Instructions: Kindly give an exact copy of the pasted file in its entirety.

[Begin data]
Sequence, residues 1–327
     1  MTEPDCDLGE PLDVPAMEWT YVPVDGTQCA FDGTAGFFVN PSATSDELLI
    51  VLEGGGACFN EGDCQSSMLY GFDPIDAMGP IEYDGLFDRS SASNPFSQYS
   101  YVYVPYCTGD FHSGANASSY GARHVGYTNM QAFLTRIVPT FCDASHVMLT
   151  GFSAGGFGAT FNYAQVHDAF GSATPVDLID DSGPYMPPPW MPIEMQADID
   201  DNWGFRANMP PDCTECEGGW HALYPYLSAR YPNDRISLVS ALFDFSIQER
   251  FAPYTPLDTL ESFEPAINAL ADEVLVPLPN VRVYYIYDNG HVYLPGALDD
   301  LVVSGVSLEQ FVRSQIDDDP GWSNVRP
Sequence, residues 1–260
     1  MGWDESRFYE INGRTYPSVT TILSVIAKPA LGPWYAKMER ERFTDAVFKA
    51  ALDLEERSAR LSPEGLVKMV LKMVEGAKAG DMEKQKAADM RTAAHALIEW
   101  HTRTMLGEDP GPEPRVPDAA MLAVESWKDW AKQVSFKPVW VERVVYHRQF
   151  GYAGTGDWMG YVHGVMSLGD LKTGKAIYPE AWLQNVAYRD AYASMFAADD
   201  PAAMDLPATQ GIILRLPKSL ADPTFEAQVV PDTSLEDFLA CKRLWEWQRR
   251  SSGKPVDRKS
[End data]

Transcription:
Sequence, residues 1–327
     1  MTEPDCDLGE PLDVPAMEWT YVPVDGTQCA FDGTAGFFVN PSATSDELLI
    51  VLEGGGACFN EGDCQSSMLY GFDPIDAMGP IEYDGLFDRS SASNPFSQYS
   101  YVYVPYCTGD FHSGANASSY GARHVGYTNM QAFLTRIVPT FCDASHVMLT
   151  GFSAGGFGAT FNYAQVHDAF GSATPVDLID DSGPYMPPPW MPIEMQADID
   201  DNWGFRANMP PDCTECEGGW HALYPYLSAR YPNDRISLVS ALFDFSIQER
   251  FAPYTPLDTL ESFEPAINAL ADEVLVPLPN VRVYYIYDNG HVYLPGALDD
   301  LVVSGVSLEQ FVRSQIDDDP GWSNVRP
Sequence, residues 1–260
     1  MGWDESRFYE INGRTYPSVT TILSVIAKPA LGPWYAKMER ERFTDAVFKA
    51  ALDLEERSAR LSPEGLVKMV LKMVEGAKAG DMEKQKAADM RTAAHALIEW
   101  HTRTMLGEDP GPEPRVPDAA MLAVESWKDW AKQVSFKPVW VERVVYHRQF
   151  GYAGTGDWMG YVHGVMSLGD LKTGKAIYPE AWLQNVAYRD AYASMFAADD
   201  PAAMDLPATQ GIILRLPKSL ADPTFEAQVV PDTSLEDFLA CKRLWEWQRR
   251  SSGKPVDRKS